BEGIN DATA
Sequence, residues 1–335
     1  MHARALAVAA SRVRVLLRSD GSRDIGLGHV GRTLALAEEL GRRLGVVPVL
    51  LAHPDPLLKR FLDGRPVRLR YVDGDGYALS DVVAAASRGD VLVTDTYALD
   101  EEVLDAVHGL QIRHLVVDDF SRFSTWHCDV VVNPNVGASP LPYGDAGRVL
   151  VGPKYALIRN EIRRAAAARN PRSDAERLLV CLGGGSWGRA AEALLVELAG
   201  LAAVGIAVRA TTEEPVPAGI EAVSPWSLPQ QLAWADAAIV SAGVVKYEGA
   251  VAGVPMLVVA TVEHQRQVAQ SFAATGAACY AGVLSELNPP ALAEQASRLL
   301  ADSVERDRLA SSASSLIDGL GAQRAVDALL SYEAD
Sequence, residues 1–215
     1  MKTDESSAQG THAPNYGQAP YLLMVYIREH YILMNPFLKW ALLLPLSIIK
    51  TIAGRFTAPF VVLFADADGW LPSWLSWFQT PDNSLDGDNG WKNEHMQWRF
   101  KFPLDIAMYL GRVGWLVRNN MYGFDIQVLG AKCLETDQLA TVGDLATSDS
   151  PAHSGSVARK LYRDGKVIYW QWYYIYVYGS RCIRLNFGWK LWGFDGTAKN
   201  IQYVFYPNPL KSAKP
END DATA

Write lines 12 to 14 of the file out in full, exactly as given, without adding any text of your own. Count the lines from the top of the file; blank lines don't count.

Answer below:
   101  KFPLDIAMYL GRVGWLVRNN MYGFDIQVLG AKCLETDQLA TVGDLATSDS
   151  PAHSGSVARK LYRDGKVIYW QWYYIYVYGS RCIRLNFGWK LWGFDGTAKN
   201  IQYVFYPNPL KSAKP